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A poem about going on holiday.  I tried to play around with the metre so that the rhythm of the poem reflects the different parts of the journey.


The train is crowded with people and bags.
Some off on holiday, some off to work,
Some are just wearily journeying home.
3 hours of travelling, hot stuffy trains,
And stations, and benches, and no room for knees.
I’d give anything for a breeze.

Shotton, Flint, Prestatyn, Rhyl,
All doing nothing to ease the congestion
As more and more bodies and cases and bikes
Optimistically seek just the hint of a space.
Then, gripping my bag, I head for the door.
A traveller no more.

I’d hoped for a breeze.
A breath of fresh air.
And for a moment on the platform it was there.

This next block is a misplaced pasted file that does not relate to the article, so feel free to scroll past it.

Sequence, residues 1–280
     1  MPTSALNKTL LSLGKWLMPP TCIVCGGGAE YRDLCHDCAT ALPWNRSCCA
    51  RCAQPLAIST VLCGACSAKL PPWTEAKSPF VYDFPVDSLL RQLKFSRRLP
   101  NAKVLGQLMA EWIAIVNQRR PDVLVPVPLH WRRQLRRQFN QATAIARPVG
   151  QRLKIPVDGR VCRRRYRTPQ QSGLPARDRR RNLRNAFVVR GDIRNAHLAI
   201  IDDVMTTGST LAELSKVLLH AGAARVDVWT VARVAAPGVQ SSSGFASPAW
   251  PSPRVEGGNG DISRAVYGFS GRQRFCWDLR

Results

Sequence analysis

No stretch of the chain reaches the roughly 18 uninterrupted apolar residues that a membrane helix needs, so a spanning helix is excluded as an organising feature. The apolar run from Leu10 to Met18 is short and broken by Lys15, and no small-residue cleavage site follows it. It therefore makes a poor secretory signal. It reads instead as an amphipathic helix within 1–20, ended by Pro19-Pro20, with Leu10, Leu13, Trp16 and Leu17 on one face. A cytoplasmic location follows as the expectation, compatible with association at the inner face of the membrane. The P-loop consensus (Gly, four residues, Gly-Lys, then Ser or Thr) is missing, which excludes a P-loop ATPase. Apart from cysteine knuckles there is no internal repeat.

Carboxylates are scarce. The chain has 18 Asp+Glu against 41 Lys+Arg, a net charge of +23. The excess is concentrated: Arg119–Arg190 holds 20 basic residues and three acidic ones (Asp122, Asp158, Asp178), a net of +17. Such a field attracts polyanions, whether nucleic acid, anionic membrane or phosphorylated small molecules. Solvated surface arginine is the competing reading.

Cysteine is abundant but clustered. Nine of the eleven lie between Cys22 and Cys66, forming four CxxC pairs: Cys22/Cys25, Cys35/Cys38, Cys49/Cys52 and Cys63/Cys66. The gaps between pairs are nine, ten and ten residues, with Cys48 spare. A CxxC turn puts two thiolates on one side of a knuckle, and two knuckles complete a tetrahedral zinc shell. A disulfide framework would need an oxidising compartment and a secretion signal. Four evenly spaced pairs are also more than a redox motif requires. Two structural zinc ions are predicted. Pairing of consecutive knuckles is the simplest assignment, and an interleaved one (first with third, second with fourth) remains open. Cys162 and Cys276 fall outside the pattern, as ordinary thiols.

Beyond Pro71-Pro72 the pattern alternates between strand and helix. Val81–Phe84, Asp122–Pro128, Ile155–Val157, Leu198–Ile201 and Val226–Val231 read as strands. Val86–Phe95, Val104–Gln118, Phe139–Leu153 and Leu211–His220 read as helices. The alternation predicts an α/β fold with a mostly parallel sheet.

Then stepping out from the station’s shelter into the helter-skelter of a howling gale I see clouds, pale with fright, taking flight and even the sand tries to flee from the land and I wonder what danger lies over the hills…

Shoulders. hunched. Pressing. On.
Every. step. hard. won.

As I make my way along the shore,
Steadily gaining ground against the wind
In the distance caravans lie, pinned
Like specimens in some museum drawer,
Neatly lined and labeled. That is where
I’m heading, if the air allows me through.
A sanctuary. A haven. Overdue
Respite from the burdens of elsewhere.

Into the sea the sun quietly slides
And, for a moment, I see its treasure glinting on the tide.

(c) Rich Clarkson 2016

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